BWW Reviews: Britten's RIVER of No Return at Lincoln Center's White Light Festival
"Ideas of darkness and light, obscurity and illumination" are at the heart of the Benjamin Britten-William Plomer CURLEW RIVER. Called "a parable for church performance," it was performed in New York at the Synod of the Cathedral of St. John the Divine, as part of Lincoln Center's White Light Festival. This short but potent work is one part Japanese Noh theatre and another part English medieval mystery play, but altogether modern in its spirituality and visions of motherly love.
Performed by an all-male cast under the direction of Netia Jones, CURLEW tells the tale of a Madwoman, somewhere in England, searching for her son. As she gets to the River she pleads with a Ferryman to take her across to continue her search. During the journey, he tells her the story of a mistreated child who was abandoned there a year earlier and, soon after, died, to be treated as a saint by the locals. Praying with others at his shrine, the woman's sanity returns, in effect, as her false hope disappears when child's spirit emerges.
Jones performed her own miracles, designing the scenery, costumes and projections as well as the overall direction of the piece. The production, co-produced with the Barbican Centre, London, Carolina Performing Arts and Cal Performances Berkeley, fit beautifully into the chapel-like building. In shades of gray and black, with the white sail of the ferry and black shadows around the oblong stage, there was an otherworldliness to the proceedings that reached the audience without supertitles or light to read the libretto during the performance.
British baritone Ian Bostridge as the Madwoman was altogether stunning in his performance. Even when he wasn't singing, his angst--so controlled and understated--drew us in to his world of personal torment. His isn't the warmest voice, but it fit perfectly into his role. Dressed in a tailored black robe, edged with white (signifying the barest hope of finding the child?), he was a formidable presence, gaunt in appearance yet hopeful against the worst. It was as if he/she were a character from Samuel Becket--"I can't go on, I must go on..."--till he/she knows he no longer has to go on.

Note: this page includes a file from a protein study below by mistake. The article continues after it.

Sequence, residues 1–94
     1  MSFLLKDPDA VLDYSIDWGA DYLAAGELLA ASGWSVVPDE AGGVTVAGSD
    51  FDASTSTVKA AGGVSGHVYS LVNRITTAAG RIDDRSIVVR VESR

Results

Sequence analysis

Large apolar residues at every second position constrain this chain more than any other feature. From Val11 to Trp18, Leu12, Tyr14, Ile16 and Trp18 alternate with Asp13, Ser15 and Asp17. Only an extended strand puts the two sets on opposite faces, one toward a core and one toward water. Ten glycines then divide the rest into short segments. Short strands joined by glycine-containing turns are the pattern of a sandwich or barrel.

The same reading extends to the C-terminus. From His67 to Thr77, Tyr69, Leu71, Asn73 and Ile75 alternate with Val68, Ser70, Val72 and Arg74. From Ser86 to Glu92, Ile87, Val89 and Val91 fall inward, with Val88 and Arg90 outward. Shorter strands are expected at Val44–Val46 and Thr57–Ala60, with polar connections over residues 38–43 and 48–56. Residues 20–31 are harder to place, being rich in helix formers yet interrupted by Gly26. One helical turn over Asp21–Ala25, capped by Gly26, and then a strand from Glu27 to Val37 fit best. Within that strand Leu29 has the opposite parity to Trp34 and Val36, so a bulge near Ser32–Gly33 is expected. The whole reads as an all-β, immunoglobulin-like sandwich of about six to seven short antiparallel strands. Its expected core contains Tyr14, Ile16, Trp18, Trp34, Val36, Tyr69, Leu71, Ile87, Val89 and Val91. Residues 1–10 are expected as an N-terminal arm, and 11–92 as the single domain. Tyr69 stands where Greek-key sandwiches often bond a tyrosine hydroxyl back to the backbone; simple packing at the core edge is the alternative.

The other standouts in the production were the resounding baritone Mark Stone as the Ferryman and bass-baritone Neal Davis as the melancholy Traveller. Treble Ian Osborne, from the St. Thomas Choir School in New York, was the plaintive Spirit of the Boy. The Britten Sinfonia Voices ably filled out the cast, lending an eerie air to the performance. Under the leadership of Music Director Martin Fitzpatrick, the Britten Sinfonia integrated completely into the vocal aspects of the piece, whether with drifting solo lines or quivering harp arpeggios or repetitive percussion.
In short, it was a performance quite unlike any other in recent memory.
Photo: Baritone Ian Bostridge as the Madwoman
Photo by Richard Termine / Lincoln Center